Thursday, November 09, 2006

Being unprepared has a strong bite

From what I understand about our website to date is that it’s been largely reacting to organizational needs.

To a certain extent, this is expected as the web is the primary means in which we reach our audience(s) and typically comes in to play after some big event. However, as we move forward I hope we can become a little more proactive with our attempt to connect our supporters to new river developments.

For example, last week senior staff talked about how we planned to respond to the 2006 elections. We batted around ideas, but failed to come to a conclusion or a plan of action. We talked about emails, photos, quotes, and even video, but as time wound down, I ended up waiting until the very last minute to do anything.

On the morning following the 2006 election (still in a shocked stupor from the previous night’s vote tally), I realized that the web was not prepared to capture the events.

So, with about 30 minutes to spare before our president was to address the organization, I rushed out and bought a $20 microphone while my colleague downloaded, free audio software. We planned on at least audiotaping the event, then uploading it to Gcast, a free podcasting service, and eventually posting to our site. We have no home for this on the site, but wanted to do something.

Well, it smelled of a disaster from the beginning. There were lots of folks involved and with an equal number of ideas, but no clear direction and many changes along the way. I already felt like I was backpedaling once the election neared and had not taken ownership of the web side of things. In the end, we added a homepage header, created “a letter from the president,” and sent it to our online activists. Not too bad, but it felt like a great deal of energy was spent after the fact.

I’m not a big golfer these days, but it basically felt like we hit the green with a low riding screamer; it wasn’t pretty, but in the end it worked. That’s not the way I hope we move forward with future web developments.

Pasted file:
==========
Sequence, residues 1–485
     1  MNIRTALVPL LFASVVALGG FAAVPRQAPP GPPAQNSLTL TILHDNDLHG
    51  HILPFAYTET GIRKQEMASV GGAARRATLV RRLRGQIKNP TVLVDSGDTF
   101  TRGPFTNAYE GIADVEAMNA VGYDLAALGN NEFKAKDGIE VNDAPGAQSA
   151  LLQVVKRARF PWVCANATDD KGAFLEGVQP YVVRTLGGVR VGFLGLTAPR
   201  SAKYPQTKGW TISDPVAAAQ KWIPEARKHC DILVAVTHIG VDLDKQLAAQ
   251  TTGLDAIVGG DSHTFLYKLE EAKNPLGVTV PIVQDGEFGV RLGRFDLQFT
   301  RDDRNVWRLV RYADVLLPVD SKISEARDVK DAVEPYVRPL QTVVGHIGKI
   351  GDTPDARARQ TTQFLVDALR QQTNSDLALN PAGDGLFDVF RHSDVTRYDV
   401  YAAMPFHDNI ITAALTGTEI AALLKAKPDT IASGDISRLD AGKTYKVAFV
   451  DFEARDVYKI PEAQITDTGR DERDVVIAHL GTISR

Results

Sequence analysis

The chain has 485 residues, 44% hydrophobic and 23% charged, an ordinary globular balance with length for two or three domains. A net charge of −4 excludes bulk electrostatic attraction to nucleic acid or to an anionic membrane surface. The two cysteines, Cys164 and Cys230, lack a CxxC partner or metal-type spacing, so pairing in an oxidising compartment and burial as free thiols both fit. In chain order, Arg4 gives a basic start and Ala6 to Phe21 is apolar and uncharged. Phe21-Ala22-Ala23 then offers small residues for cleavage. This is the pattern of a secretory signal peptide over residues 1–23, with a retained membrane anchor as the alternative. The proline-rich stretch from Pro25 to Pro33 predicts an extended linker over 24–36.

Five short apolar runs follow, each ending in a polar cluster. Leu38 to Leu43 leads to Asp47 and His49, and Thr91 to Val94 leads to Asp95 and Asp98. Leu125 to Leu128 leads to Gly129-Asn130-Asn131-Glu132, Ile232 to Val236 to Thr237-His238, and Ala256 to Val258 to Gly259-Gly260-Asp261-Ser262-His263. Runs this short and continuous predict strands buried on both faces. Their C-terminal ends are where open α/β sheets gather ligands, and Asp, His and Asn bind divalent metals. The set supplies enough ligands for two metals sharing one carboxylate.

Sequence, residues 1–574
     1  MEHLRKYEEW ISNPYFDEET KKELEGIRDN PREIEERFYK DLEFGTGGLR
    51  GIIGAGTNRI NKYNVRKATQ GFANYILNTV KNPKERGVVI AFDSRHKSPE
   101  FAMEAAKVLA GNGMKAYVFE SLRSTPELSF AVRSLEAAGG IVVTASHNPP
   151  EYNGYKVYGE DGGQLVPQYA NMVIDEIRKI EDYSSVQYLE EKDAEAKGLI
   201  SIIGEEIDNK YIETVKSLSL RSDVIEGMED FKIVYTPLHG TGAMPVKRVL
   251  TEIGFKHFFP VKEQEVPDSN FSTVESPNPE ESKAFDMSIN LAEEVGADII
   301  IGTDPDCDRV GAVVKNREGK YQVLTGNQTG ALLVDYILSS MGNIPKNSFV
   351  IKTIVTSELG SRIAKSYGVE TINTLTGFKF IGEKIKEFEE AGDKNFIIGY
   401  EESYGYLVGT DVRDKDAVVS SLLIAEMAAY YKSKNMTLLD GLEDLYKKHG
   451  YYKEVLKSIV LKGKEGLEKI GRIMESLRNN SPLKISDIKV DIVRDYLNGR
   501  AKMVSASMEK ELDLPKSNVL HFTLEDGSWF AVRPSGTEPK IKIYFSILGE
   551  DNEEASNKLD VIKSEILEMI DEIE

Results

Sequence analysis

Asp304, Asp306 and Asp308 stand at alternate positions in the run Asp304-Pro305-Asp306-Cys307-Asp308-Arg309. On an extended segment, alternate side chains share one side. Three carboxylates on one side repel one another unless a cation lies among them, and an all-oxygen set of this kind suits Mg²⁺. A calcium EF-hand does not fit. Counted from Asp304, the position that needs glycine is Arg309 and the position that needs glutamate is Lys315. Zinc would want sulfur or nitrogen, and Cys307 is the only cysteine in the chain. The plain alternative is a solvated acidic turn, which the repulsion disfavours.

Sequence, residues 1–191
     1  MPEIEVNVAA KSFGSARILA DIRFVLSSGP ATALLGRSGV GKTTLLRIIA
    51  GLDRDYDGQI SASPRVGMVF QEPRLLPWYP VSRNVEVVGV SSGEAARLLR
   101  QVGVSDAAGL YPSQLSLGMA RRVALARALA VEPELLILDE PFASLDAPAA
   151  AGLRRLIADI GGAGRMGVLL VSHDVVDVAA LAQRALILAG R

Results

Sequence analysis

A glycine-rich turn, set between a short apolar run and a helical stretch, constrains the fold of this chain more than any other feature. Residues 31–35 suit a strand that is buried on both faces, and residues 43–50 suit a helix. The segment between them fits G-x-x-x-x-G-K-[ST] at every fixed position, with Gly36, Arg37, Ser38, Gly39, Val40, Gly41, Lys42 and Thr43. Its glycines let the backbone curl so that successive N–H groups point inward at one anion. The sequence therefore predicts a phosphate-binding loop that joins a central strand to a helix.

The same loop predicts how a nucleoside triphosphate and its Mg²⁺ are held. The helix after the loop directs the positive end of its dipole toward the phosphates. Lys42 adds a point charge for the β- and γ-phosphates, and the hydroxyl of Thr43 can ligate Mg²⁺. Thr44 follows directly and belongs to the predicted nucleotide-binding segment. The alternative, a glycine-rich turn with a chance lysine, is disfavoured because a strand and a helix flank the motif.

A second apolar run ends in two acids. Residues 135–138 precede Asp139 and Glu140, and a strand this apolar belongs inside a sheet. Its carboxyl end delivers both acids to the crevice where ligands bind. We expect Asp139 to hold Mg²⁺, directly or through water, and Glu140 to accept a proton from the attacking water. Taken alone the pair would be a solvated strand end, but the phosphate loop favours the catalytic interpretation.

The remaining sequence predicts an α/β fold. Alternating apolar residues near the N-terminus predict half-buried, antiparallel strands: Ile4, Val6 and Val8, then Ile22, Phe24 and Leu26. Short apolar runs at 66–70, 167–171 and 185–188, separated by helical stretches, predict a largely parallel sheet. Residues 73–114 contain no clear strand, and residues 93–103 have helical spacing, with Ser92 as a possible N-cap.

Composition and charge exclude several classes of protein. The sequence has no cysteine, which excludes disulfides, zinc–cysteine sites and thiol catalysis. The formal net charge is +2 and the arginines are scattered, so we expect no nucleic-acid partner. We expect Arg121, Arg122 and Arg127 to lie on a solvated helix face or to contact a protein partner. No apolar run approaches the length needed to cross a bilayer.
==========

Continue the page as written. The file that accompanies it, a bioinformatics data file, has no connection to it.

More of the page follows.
Page Sands said...

In my opinion, the blog format works great for content that doesn't have a home.

Whether it be an on-the-fly mp3, a video clip, or digital picture, the format is pretty touch to beat.

Chas Offutt said...

I'd agree for a blog, but a national site?

The trouble we sometimes run in to is creating more pages than we need and having them only live in the emails we send. Currently, we can't tag pages and our search function is pretty weak, so it seems like it would be nice to be able to archive pages that we create for our email program, updates, news, podcasts, etc.

Plus, we pay for a certain amount of pages, so have to be a bit frugal. Thanks.

Serena said...

I'm just glad you're not giving up in trying to drag them into this century.

Page Sands said...

Even for a national site... you bet. I think the issue has more to do with integration into your existing content management application, and not necessarily proof of concept.

I prefer the blog format + RSS one two punch over email alerts any day.

Why? Because I can search it, link it, tag it, and comment on it.

Chas Offutt said...

I hear you, but when 70% of those who responded to a recent survey said they had no idea what RSS means, how about a little order within chaos...?

Not sure if I subscribe to the idea of bringing everything down a notch, but don't want to turn people off before we can land their support.